This option is supported by most Unix tools. Its meaning is: This is the last option, only filenames/packagenames follow.
This is useful if you want to call deb-install with a file that starts with a dash.
Example: If you want to install a file named -file.rpm, then deb-install -i -file.rpm won't work (aborts with "unknown option").
But deb-install -i -- -file.rpm does work!
deb-install alone, without an option or file-/packagename appended, will get deb-install to retry, if it aborted on the last attempt. This works only on local files.
Example: If the compilation of a package failed because of a missing file, you can provide that file, and then run deb-install to let the compilation continue.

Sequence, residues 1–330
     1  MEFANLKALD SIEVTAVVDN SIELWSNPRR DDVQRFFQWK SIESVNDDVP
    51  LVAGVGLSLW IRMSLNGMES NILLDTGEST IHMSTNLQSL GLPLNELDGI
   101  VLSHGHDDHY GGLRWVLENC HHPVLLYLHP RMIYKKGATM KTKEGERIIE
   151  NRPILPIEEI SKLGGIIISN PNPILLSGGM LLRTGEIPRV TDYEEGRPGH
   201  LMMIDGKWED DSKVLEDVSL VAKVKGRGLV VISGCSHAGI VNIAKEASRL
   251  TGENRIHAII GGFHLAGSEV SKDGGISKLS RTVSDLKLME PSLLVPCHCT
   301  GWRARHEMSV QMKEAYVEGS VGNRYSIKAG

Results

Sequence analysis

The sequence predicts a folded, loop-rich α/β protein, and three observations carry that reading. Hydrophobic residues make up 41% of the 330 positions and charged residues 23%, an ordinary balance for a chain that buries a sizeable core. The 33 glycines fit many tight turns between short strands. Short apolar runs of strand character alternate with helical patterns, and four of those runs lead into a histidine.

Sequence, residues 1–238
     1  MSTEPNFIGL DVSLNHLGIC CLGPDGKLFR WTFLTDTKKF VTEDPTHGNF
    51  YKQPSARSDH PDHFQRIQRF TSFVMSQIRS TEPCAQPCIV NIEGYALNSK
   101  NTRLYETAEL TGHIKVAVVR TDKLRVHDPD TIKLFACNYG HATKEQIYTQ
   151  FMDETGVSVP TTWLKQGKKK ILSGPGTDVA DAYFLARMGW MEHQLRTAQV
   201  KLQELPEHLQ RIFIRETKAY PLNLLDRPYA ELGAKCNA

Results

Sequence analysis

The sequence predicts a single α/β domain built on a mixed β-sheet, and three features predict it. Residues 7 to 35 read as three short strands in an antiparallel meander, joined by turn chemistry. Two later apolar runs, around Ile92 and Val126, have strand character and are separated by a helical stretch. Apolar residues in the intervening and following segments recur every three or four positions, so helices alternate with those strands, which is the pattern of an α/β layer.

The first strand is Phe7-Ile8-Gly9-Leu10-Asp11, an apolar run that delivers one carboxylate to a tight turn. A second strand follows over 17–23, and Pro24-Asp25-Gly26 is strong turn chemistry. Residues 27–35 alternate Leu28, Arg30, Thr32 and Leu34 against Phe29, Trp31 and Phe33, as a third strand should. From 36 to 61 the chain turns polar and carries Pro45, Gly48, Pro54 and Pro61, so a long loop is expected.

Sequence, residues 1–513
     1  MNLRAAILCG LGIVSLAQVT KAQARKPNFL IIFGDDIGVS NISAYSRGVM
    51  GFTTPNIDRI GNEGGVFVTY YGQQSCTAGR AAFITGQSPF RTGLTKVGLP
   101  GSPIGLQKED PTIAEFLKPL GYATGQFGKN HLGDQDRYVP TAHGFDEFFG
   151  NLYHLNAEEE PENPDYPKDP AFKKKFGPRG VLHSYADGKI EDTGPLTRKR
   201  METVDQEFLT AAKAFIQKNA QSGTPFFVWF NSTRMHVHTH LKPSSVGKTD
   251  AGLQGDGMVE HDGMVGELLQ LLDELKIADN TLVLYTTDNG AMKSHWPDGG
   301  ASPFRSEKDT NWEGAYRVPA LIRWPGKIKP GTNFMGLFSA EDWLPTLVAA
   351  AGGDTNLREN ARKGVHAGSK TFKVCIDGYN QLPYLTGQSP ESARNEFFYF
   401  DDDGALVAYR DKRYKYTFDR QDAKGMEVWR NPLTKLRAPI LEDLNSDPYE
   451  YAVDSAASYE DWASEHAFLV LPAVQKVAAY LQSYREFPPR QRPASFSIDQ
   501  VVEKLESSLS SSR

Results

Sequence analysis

However, if your original command specified a regular expression as filename, retrying won't continue with other matches of the regular expression. Once the current input file is successfully processed, deb-install finishes.
So, if you issued the command deb-install -i (emacs|konqueror).tar.gz, and compilation of emacs.tar.gz failed, you then run deb-install without arguments, and this time the compilation succeded, deb-install won't try to process konqueror.tar.gz afterwards.
Use this option if you don't want deb-install to install the package, but stop earlier (works only with local files). You have to specify, upon reaching which state deb-install should stop.
--abort-on debianBinary - aborts as soon as the .deb package has been generated
--abort-on analysing - aborts as soon as the package has been unpacked into the temp directory